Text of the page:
Games­man­ship? Just good

Mur­ray saves the crowd from an eye­ful as he fights through pain in Davis Cup

The Herald - Herald Sport - - DAVIS CUP - KEVIN FER­RIE

This was the day we fi­nally dis­cov­ered what Andy Mur­ray is not pre­pared to do in Great Bri­tain’s cause, but only af­ter he had taken his pain-wracked body to its thresh­old once again to keep hope alive with his 39th Davis Cup win.

Hav­ing spent more than five hours on court in los­ing for the first time in 14 matches in this com­pe­ti­tion on Fri­day evening, Mur­ray had been on court for slightly longer in ac­cru­ing the points that got his team back into the tie, in tan­dem with brother Jamie while gain­ing a mea­sure of re­venge over Juan Martin del Potro in the dou­bles and then in this re­verse sin­gles clash with Guido Pella.

A to­tal of 10 hours and 10 min­utes in The Emi­rates Arena spot­light, then and while a straight-sets vic­tory over the world No.49 was, on the face of it, only to be ex­pected of one of the finest play­ers the sport has ever pro­duced, at­tri­tion had meant the win could not be taken for granted.

All the more so when Mur­ray left the court for a dra­mat­i­cally lengthy med­i­cal time-out early in what proved to be the de­ci­sive set, con­firm­ing that he was not only deal­ing with an op­po­nent who had never lost a Davis Cup match and had dis­man­tled his team-mate Kyle Ed­mund two days ear­lier, but was bat­tling with a wor­ry­ing groin prob­lem.

Which is how we dis­cov­ered where this man who spends his life cop­ing with the scru­tiny that comes with two-time Wim­ble­don and Olympic cham­pion sta­tus draws the line as he made what fell just short of a pub­lic apol­ogy to Pella for leav­ing him wait­ing for eight min­utes just af­ter he had moved ahead in a set for the first time.

“The rea­son I had to go off is be­cause I can’t get my nuts out on the court. I mean, I can’t do that,” Mur­ray ex­plained.

“So that’s why I had to go off the court, be­cause the strap­ping had to be done very high up on my right leg and I needed to take my clothes off but, yeah, I would be an­noyed for sure. I would be an­noyed if that was me wait­ing.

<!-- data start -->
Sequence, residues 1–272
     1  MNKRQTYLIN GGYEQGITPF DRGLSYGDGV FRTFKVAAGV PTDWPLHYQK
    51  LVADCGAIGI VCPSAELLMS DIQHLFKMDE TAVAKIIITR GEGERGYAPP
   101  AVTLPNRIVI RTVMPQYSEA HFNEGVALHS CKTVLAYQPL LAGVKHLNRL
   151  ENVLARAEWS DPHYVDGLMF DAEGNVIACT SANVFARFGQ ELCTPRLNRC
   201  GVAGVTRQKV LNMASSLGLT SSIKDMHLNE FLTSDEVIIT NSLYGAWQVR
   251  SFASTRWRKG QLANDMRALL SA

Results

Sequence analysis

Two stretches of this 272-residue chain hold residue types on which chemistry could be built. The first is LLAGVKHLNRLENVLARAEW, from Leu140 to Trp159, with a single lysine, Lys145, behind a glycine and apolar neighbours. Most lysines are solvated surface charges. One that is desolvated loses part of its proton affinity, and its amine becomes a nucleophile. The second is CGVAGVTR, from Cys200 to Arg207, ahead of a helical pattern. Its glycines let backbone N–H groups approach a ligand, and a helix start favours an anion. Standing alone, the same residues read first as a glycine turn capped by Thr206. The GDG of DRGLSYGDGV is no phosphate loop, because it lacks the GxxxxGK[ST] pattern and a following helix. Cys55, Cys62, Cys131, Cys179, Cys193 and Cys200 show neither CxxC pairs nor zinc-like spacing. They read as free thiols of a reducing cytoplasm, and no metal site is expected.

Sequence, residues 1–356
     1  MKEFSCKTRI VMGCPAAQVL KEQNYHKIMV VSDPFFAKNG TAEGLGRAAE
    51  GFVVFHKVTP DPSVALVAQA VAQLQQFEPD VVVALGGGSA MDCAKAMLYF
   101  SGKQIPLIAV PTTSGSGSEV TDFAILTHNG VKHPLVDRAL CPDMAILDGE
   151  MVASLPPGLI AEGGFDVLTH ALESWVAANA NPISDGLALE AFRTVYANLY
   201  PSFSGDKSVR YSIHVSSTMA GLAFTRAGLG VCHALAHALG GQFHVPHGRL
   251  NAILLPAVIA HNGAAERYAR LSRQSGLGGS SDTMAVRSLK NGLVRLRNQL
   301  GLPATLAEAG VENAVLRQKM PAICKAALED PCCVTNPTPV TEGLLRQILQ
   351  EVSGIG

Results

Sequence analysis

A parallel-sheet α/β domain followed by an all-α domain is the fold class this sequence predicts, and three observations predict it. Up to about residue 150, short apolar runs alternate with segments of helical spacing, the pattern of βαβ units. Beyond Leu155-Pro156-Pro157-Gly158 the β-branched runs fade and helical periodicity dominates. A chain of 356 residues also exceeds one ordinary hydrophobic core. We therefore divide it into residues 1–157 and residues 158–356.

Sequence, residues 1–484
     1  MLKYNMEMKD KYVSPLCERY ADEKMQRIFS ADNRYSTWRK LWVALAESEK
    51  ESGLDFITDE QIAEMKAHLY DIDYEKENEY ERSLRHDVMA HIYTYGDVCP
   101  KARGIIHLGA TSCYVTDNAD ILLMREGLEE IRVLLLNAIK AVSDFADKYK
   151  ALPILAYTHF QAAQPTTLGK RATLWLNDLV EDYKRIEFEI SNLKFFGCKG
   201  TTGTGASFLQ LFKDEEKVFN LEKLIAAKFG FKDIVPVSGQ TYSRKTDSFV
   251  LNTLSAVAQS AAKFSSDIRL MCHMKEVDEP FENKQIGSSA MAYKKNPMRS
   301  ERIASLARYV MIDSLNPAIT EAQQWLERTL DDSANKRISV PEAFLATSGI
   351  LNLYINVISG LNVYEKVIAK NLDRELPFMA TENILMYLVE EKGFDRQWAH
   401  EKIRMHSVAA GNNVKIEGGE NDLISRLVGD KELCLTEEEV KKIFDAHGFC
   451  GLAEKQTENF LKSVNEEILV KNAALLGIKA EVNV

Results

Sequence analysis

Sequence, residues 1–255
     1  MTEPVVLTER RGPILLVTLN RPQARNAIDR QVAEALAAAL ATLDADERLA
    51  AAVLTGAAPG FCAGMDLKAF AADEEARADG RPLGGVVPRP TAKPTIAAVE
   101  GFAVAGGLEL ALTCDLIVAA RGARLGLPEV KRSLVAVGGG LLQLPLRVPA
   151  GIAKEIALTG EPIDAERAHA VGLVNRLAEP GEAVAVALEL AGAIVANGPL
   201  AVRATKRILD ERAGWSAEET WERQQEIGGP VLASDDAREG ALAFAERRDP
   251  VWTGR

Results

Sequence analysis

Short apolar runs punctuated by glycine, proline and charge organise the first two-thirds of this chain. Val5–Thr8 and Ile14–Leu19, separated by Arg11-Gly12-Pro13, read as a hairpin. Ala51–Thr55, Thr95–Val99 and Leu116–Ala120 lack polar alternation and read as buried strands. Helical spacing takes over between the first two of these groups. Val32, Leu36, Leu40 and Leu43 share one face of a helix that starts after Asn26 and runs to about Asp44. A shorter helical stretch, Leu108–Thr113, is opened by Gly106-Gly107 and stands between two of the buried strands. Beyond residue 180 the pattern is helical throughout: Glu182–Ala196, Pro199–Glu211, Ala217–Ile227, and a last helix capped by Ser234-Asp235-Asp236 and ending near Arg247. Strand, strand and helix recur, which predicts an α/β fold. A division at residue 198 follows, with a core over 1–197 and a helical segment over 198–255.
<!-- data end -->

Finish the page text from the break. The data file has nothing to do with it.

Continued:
“If you are the one sit­ting and wait­ing for some­one who has gone off, ei­ther to the toi­let or for a med­i­cal time­out, yeah, it’s frus­trat­ing.”

He jus­ti­fi­ably noted that this could not, how­ever, be in­ter­preted as a case of seek­ing to dis­rupt an op­po­nent’s mo­men­tum.

“Ob­vi­ously I was in the driv­ing seat at the time, I was in con­trol of the match,” Mur­ray pointed out. “But, still, I then broke the next game, held serve and broke. That was it.”

It was in­deed and it was a match Mur­ray had dom­i­nated to that point, demon­strat­ing even greater un­der­stand­ing than pre­vi­ously of the im­pact of the ex­er­tion in­volved in these matches for the man on whom so much de­pends.

“I think this week­end I just ac­cepted it bet­ter than I have in the past,” he said.

“I ex­pected to feel tired, I ex­pected to be in some pain this week­end, I spoke to my team about that. I knew it was go­ing to be hard so my ex­pec­ta­tions were less.

“Some­times I go into ties think­ing it was go­ing to be al­right and at the end of it I felt hor­ren­dous. Be­cause I ac­cepted how I was go­ing to feel I han­dled it okay.”

It seemed ob­vi­ous that, given all that had gone be­fore, Mur­ray must view this match dif­fer­ently to the way he would nor­mally ap­proach a meet­ing with a player of Pella’s cal­i­bre, treat­ing it more like one of those en­coun­ters with big-hit­ting servers like John Is­ner or Ivo Karlovic in wait­ing for chances to present them­selves then rais­ing the en­ergy lev­els at those points.

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